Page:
Thursday, December 01, 2005

Hatred Born Of Fear. Blog Against Racism

I come from a Canadian middle-class family. One could argue that racism is not as prevalent in Canada as it is in other countries. That would, however, be wrong thinking. Racism exists in Canada as surely as it exists in every other part of the world. I would not have to go far to point it out either, because my mother, despite teaching me to respect others, was a racist. It wasn't the extreme white-sheet, cross-burning racism that we can easily identify, but the insidious kind: comments. When someone other than a caucasian, english-speaking person made the news in a less than favourable way, there was always a comment: "Those people." And she didn't mean criminals... she meant all others of that race.

"Those people" in her mind were all bad in some form or another. Whenever I challenged her, she would just shrug off the comment. Except that it wouldn't go away. "Those people" were taking jobs from real Canadians, or they were dirty, lazy and shifty.

It didn't take long to deconstruct my mother's position. She had never met or spoken to any of "those people". She confined herself to her small anglo-protestant world, surrounded by like thinking people, all of whom held similar views.

When on one occasion I was returning from the Middle-East after consulting on the construction of a container port, my mother once again let her racist beliefs slip out. After describing some of the sites and mentioning some of the friends I'd made she said, "I suppose that's the next bunch that will flood in to take over the country."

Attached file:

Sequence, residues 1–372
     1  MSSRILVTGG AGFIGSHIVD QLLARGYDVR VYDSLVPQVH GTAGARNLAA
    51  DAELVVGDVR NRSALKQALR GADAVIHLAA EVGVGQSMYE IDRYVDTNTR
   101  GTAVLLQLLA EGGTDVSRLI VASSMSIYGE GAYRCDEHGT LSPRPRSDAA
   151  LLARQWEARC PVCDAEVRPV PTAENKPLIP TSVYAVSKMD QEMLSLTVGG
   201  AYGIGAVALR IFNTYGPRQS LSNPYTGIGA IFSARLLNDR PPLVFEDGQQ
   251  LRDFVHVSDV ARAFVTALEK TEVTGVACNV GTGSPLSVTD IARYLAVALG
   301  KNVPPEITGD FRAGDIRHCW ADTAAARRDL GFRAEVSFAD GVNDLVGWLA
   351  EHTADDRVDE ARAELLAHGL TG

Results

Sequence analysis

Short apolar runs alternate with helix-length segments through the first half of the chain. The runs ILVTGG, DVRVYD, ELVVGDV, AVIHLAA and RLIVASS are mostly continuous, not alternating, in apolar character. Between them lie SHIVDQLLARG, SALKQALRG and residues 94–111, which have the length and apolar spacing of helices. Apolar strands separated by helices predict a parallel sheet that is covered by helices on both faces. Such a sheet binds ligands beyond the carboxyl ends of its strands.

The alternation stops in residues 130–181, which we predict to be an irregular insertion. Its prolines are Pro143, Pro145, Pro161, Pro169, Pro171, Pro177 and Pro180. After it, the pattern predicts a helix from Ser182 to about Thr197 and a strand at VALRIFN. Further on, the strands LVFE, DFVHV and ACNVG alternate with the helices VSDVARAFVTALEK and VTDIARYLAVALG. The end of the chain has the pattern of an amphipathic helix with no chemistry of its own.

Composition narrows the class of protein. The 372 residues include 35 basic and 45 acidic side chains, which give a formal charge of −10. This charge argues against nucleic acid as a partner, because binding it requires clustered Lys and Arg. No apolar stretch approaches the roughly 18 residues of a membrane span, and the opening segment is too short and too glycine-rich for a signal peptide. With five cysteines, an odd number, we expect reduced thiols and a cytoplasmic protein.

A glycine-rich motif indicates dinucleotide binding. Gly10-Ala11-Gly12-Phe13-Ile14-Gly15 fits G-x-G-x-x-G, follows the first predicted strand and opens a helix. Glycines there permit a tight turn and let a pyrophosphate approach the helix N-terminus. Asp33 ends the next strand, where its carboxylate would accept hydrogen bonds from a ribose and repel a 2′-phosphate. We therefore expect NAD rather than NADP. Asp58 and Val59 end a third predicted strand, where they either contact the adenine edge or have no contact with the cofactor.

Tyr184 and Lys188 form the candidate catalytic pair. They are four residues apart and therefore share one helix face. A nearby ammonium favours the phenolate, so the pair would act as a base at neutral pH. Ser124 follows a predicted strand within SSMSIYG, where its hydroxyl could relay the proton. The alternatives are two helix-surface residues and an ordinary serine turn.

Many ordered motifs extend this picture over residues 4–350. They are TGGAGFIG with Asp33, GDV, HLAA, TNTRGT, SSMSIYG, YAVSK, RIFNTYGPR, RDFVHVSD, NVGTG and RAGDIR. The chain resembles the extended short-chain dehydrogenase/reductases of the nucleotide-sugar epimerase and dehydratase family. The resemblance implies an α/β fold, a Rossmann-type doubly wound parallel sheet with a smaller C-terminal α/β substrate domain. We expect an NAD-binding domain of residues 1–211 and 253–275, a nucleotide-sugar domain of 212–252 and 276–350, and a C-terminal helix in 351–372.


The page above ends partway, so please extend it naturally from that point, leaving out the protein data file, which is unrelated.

Take over the country?! What if they were to come here looking for something better in life?

It was then that I realized what her problem really was: fear. She feared losing the established order. Instead of viewing the cultural differences as something which took the edges off a stiff British social construct, she feared the change and she expressed it with hatred.

And there it was. The fear that others were going to bring about change. The fear that her traditions, customs and personal comfort were under assault. Her defence against that mythical assault was to erect a barrier of hate. And all she ever accomplished with it was to shut out good people and to watch her own world grow smaller.

Racists are cowards. They live in fear and instead of facing the fear by learning more, they shut down their ability to see anything beyond the colour of skin, an accent or clothing.

Almost every person has something positive to offer this world. You just have to find out what it is and then let them do it, without being held to account for their colour, culture, language or sex.

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